• Harry Douglas (Louisville), Andre Caldwell (Florida) and California receivers DeSean Jackson and Lavelle Hawkins were all very efficient and smooth running the gauntlet. Appalachian State's Dexter Jackson was the most aggressive running the drill, grabbing at each football and practically putting dents in the field as he spiked each ball to the turf while snapping his head left or right to locate the next one. Alabama's Martinez Hall was very sharp as well, arguably showing the best concentration while watching the ball come into his hands before turning to look for his next catch. And Missouri's William Franklin turned a miscue into a positive when he kicked one of the balls he had tossed to the ground, but then didn't let it distract him from pulling in his next catch.

  • Hawaii's Colt Brennan was smooth and accurate, especially on the short and medium routes, including a nice throw on an out route to Indiana's James Hardy. After a Senior Bowl week that raised some questions about his ability to succeed at the pro level, he bounced back with a consistent performance at the Combine. Hardy looked sharp as well, displaying his advantage as a big, fast target. He even showed nice flexibility on a poorly thrown ball by LSU's Matt Flynn, stopping his route quickly to lean back and grab a pass that was thrown behind him roughly at knee-level.

  • Louisville's Brian Brohm simply looked like he was already a pro quarterback throwing balls to draft prospects. The velocity of his passes matched up well with the routes, his accuracy was impressive, and he showed he has the arm strength and accuracy on the long ball that will put pressure on teams to consider making him the first quarterback in this draft — especially if Boston College's Matt Ryan stumbles a bit during his Pro Day. Ryan chose not to work out in Indianapolis and also didn't participate in the Senior Bowl in January.

  • Hawaii wide receiver Davone Bess did some outstanding work during the gauntlet drill, showing his quick reaction time, good acceleration and strong concentration skills. But he also impressed with his cutting skills while running his routes and for his ability to locate the ball and make over-the-shoulder catches in stride. 

  • Virginia Tech's Justin Harper made a spectacular one-handed catch up the left sideline on a pass thrown high from Tennessee's Erik Ainge.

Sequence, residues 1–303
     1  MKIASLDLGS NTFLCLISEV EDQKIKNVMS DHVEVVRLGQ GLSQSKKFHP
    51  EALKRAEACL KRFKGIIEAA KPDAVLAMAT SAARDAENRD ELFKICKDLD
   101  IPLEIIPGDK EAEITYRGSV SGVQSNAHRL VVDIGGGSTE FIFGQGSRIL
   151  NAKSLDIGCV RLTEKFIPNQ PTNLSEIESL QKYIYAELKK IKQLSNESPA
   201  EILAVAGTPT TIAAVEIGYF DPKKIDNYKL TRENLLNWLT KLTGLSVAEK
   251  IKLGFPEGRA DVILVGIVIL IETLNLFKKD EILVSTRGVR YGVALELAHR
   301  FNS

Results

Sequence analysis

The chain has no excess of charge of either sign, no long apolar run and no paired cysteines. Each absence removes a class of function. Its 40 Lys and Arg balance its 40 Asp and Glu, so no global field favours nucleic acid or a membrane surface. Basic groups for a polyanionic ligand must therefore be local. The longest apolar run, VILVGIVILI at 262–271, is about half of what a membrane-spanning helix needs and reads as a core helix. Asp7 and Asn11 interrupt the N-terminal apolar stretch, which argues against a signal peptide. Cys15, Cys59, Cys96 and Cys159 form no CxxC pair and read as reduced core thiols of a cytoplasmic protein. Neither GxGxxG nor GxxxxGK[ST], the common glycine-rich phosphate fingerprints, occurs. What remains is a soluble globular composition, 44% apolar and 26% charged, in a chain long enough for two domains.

• Delaware's Joe Flacco was a bit inconsistent on some of his short and medium throws, primarily with balls sailing a bit high. But his arm strength and accuracy on the deep throws stood out, especially on passes to UCLA's Brandon Breazell, California's Lavelle Hawkins, and Louisville's Harry Douglas. Douglas was very fluid on his deep routes, showing nice acceleration and showcasing his ability to make the over-the-shoulder catch.

  • After running the gauntlet drill, Houston's Donnie Avery pulled up a bit and reached for his left hamstring. He left the field to be examined, limping a bit as he made his way to the tunnel. Two days earlier, Avery had told the media that he had tweaked his hamstring about a week ago and wasn't sure if he was going to be able to participate in the 40-yard dash.

  • Florida State's De'Cody Fagg stretched for a slightly errant throw on an out route, snagging it right at the sideline chalk, but then seemed to catch his toe on the turf as he came down. He rolled to the ground, curled up and grabbed at his knee in obvious pain. He he was carted off the field with an unmistakable and understandable "What-in-the-world-just-happened-to-me" look on his face. He's going to have the knee examined on Wednesday to determine the severity of the injury.

After the group's workout had ended, we returned to the media room, definitely more enlightened about what NFL talent evaluators are seeing, and perhaps more importantly, how they are seeing the action — at a level of detail that the casual onlooker or fan doesn't take the time or have the patience to watch.

Will the one workout session we witnessed have any real bearing on the draft stock of the players we watched?

We may never know for sure. And the impact will undoubtedly vary from team to team as some will see these workouts as more beneficial than others in their evaluations.

But we may at least get a small indication of its impact when these players' names are called out from the podium during the last weekend in April.

Ed Thompson's player interviews and NFL features are published across the network and at You can contact him by email through this link.

Scout NFL Network Top Stories